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Why I will vote to Leave the EU - From an alternative viewpoint Watch

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    (Original post by typonaut)
    Look at how you have had to rearrange and embellish what you have written in order to clarify what you meant:



    There is no immediacy in:





    I accept that you meant something else, I do not accept that you wrote this. Therefore my point was a valid interpretation of what you wrote.
    I am afraid this is probably your problem in reading.

    ''The UK is free to join the EFTA, of which there is immediate membership considering we meet the requirements.''

    is the same as

    ''The UK is free to join the EFTA, considering we meet the requirements there is immediate membership''.
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    (Original post by typonaut)
    Please go and take some Valium, I'm sure you will find it will help with your problem.
    This is the perfect example of your ability to debate.
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    (Original post by CherishFreedom)
    I am afraid this is probably your problem in reading:
    What you left out is that you wrote this:

    (approval from parliament, submission of application, accepting EFTA terms)
    This knocks out your claim to immediacy.

    You are wrong on this, just have the grace to accept that (I understand that this may be the first time in your life that you have ever come across such an impudent statement).
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    (Original post by CherishFreedom)
    This is the perfect example of your ability to debate.
    Thank you.
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    (Original post by typonaut)
    What you left out is that you wrote this:



    This knocks out your claim to immediacy.

    You are wrong on this, just have the grace to accept that (I understand that this may be the first time in your life that you have ever come across such an impudent statement).
    I did say 'requirements'. To enter the EFTA, the parliament is required to approve this move, and also to meet conditions with the EFTA and submit our application. You and I know this very well. Instead of asking me to expand on the term you interpreted my statement in an incorrect way, when my sentence was correct in every way.
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    (Original post by CherishFreedom)
    I did say 'requirements'. To enter the EFTA, the parliament is required to approve this move, and also to meet conditions with the EFTA and submit our application. You and I know this very well. Instead of asking me to expand on the term you interpreted my statement in an incorrect way, when my sentence was correct in every way.
    There is no immediacy in what you wrote. There is a long and painful negotiation that may result in failure.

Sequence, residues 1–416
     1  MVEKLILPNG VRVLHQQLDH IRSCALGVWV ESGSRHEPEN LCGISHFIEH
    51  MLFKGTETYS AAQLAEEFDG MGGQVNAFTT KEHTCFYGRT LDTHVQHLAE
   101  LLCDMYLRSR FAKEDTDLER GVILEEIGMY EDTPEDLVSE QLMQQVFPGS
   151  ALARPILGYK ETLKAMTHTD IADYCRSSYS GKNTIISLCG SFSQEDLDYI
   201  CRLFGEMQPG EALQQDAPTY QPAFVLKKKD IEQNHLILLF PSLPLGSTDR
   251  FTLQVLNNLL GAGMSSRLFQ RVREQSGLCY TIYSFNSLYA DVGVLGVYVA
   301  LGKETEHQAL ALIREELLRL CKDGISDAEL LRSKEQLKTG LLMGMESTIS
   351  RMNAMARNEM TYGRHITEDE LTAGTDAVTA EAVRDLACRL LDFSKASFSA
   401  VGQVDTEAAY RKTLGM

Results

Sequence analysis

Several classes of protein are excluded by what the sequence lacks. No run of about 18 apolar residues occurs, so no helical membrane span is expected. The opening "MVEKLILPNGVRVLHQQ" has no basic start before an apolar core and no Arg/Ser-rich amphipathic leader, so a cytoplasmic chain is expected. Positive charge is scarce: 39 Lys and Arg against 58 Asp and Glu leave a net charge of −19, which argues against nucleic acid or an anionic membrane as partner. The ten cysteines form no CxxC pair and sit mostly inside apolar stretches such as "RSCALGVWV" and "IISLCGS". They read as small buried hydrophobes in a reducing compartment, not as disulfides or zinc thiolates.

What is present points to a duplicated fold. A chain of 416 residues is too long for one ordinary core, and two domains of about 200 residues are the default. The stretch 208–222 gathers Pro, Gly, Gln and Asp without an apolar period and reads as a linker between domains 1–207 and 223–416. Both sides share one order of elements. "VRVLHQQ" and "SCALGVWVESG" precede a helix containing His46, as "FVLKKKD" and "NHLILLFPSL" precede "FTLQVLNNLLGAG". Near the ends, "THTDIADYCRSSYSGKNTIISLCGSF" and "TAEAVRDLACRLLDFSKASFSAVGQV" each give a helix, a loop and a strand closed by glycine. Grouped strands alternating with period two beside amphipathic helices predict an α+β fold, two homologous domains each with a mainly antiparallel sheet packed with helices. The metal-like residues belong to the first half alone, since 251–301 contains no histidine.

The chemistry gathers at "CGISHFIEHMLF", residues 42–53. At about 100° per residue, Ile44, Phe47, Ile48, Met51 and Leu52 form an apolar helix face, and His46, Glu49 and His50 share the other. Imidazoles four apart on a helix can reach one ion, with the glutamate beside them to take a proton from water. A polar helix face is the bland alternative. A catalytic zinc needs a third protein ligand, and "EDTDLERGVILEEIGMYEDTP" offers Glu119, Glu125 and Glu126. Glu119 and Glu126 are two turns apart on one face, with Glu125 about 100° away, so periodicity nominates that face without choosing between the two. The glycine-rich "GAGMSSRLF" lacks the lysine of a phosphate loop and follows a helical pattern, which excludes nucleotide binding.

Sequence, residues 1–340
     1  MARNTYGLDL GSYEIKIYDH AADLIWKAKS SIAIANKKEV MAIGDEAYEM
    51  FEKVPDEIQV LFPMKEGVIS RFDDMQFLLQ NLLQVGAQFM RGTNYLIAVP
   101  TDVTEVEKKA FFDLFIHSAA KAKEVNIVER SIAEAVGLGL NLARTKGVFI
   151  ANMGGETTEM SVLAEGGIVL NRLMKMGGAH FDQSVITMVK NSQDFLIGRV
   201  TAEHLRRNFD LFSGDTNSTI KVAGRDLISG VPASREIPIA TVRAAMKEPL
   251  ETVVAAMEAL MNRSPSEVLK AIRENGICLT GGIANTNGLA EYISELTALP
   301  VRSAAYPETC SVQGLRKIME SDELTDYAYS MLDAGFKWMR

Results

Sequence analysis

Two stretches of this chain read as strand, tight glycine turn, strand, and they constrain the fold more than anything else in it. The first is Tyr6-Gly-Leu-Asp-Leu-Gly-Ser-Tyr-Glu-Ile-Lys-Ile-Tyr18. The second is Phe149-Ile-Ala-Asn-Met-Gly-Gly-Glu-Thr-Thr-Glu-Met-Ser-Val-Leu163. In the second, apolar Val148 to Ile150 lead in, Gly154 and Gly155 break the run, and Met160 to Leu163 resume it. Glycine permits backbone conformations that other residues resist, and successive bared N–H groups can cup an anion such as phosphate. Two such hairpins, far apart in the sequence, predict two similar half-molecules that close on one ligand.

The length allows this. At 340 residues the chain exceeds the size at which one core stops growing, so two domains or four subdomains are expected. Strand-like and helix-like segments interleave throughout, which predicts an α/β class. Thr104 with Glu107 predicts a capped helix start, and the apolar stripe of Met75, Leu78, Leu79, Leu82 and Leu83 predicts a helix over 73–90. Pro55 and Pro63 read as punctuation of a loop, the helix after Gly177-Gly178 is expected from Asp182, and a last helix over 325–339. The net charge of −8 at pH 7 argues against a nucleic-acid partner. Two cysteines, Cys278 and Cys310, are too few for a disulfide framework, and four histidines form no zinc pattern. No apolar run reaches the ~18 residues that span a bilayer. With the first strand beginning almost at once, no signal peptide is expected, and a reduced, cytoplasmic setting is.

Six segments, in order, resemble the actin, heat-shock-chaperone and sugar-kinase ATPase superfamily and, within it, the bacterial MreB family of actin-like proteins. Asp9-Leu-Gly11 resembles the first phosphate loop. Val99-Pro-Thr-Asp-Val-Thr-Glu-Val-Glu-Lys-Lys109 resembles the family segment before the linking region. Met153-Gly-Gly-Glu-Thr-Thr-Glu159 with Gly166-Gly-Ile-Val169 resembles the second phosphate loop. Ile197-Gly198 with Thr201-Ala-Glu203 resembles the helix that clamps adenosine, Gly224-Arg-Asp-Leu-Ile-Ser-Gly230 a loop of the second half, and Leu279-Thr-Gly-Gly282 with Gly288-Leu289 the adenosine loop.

I've offered you the opportunity to concede that point, you seem unwilling to take it.
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    If you study my sentence, immediacy comes with the condition that 'we meet the requirements', hence the word 'considering' - meaning 'taking into consideration'.

    I will just quote my statement again for your reference, and hopefully anybody who sees this recognises this is such an easy-to-understand statement, interpreted wrongly by you in such an uneasy way:

    'The UK is free to join the EFTA, of which there is immediate membership considering we meet the requirements.'


    Example:

    'Sam is free to join the Student Union, of which there is immediate membership considering he accepts the Union's terms and conditions.'
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    (Original post by CherishFreedom)
    If you study my sentence, immediacy comes with the condition that 'we meet the requirements', hence the word 'considering' - meaning 'taking into consideration'.



    'Sam is free to join the Student Union, of which there is immediate membership considering he accepts the Union's terms and conditions.'
    Your problem is that your construction makes no sense. "Considering" in the British idiom means, in the sense you use it, "in light of" or "as has been established". Example:

    "I should win this race, considering I'm such a good runner!"

    Not:

    "I should win this race, considering that I might enter it, tie my laces up and drag myself over to the starting line."

    You didn't write:

    "The UK is free to join EFTA, of which there is immediate membership if the UK considers and accepts the membership criteria."

    You are just digging a bigger and deeper hole for yourself.
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    (Original post by typonaut)